During dinner, Djabatey and Tierney struck up a conversation. Djabatey told Tierney about how he managed to simultaneously take classes in high school and college. Tierney seemed intrigued, and before he left the event he handed Djabatey his business card and told him to call him so they could talk some more.
“I don’t think it dawned on me what had just happened,” Djabatey said. “I remember Tracie kept reminding me throughout the reception that I should really follow up and call him. She said, ‘This opportunity doesn’t come around too often.’”
It was a good two weeks before he contacted him. With urging from his mother, he finally picked up his laptop and sent Tierney an email.
“As a result, Brian and I developed a relationship,” he said. “Fast forward to five years later, here I am working at AEP fulltime as a market risk analyst, after interning in the Market Risk Oversight group all four of my college years.”
Raised in Accra, Ghana, Djabatey moved to California and then to Columbus where he attended Mifflin High School. He was accepted into DeVry University’s Advantage Academy where he was able to complete college courses while in high school.
In 2011, he graduated as valedictorian of Mifflin with an associate degree of applied science in web graphic design from DeVry. In 2015, Djabatey graduated from Miami University with a Bachelor of Arts in economics.
|Tracie Campbell, energy efficiency coordinator – AEP Ohio, shares a conversation with Jesse Djabatey, one of many individuals she has mentored through her work with AABE, Big Brothers Big Sisters and Junior Achievement.|
AEP and AEP Ohio have been longtime supporters and corporate sponsors of the Columbus Ohio Chapter of AABE, which celebrated its 10th year awarding scholarships to help prepare young people for success. Each year, the chapter awards grants to African American, Hispanic and Native American students pursuing college in energy-related fields.
“I am so proud to work for a company that supports our youth by devoting its resources to our scholarship program, and for leaders like Brian Tierney, who gave his time to mentor Jesse,” Campbell said. “With AEP’s and AEP Ohio’s help, the Columbus Ohio Chapter of AABE has been able to award nearly $330,000 in scholarships to high school seniors in central Ohio.”
Tierney also attended the reception with [Nick Akins], AEP chairman, president and chief executive officer, and [Charles Patton], Appalachian Power president and chief operating officer, who presented the keynote address.
Djabatey ended his speech by offering the graduates some words of encouragement:
“Be prepared! You never know when an opportunity will knock at your door. If I hadn’t been prepared, I would have never made it as a recipient to this scholarship five years ago. I would have lost my golden opportunity and most certainly wouldn’t be here talking to you today.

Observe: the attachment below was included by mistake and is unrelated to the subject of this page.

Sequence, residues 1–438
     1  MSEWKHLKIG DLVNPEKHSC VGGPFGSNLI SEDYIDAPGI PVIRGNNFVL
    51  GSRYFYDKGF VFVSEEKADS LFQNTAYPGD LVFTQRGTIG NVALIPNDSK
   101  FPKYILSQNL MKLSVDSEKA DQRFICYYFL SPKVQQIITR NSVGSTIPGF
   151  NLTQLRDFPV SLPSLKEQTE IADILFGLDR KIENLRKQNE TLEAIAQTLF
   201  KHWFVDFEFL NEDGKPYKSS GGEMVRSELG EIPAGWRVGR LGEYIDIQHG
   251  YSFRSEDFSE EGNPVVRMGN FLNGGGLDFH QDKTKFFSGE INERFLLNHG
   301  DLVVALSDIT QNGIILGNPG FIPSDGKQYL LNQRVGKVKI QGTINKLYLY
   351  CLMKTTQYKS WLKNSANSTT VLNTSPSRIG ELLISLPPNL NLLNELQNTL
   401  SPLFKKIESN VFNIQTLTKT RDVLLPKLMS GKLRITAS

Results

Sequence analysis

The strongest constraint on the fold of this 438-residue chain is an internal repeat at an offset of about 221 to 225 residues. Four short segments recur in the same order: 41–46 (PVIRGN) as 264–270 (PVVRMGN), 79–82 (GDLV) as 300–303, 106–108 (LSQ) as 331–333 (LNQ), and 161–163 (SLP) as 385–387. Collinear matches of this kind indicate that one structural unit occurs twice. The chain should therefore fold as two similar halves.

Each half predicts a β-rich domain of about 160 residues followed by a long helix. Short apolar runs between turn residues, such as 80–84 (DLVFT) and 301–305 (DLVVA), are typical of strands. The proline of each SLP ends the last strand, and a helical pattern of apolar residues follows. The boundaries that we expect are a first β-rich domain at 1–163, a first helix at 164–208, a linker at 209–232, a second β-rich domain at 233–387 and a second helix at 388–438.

“Whenever you find your Brian Tierney or Tracie Campbell, make sure to always show your appreciation and gratitude. I am forever thankful for the opportunity to show my talents at AEP and to my parents who always taught me to never to give up.”
Congratulations to this year’s recipients:
Lavonca Davis, Pickerington High School North. Field of Interest – Chemical Engineering
Dajah Howard, Columbus Africentric Early College. Field of Interest – Chemical Engineering
John Martin, Centerville High School. Field of Interest – Chemical Engineering
Walid Musa, Northland High School. Field of Interest – Electrical Engineering
Martha Nyarko, Mifflin High School. Field of Interest – Allied Health/Human Biology
Osaretinmwen Onaiwu, Eastmoor Academy. Field of Interest – Mechanical Engineering
Joshua Smith, Olentangy Orange High School. Field of Interest – Biological Sciences
LaMiah Tysinger, Reynoldsburg High School Encore Academy. Field of Interest – Chemical Engineering
|Employees from across the AEP system, including Elgin Janssen (above), community affairs manager for AEP Texas, will appear in seven new 30-second television commercials starting this week.|
(Story by Teresa McWain)
Employees from across the AEP system will appear in seven new 30-second television commercials starting this week. The commercials will be the final installment introduced this year to create greater awareness of AEP’s commitment to customers and communities.
A total of 28 spots, four for each operating company, have been airing intermittently since winter to bring a greater focus to the work AEP employees do on the job and beyond to improve lives where they live and work.
The campaign, which also includes newsprint and digital components launched during spring and earlier this summer, will run through year end. The digital component drives viewers to a landing page for each operating company to explore additional footage, photos and the stories of employees who participated in the campaign.
See the new television commercials:
AEP Ohio Underground: https://www.youtube.com/watch?v=Fng2C9sBSrU
AEP Texas Habitat: https://youtu.be/NW6-ZEuEOVI
Appalachian Power Kanawha: https://youtu.be/Fflme7yViIM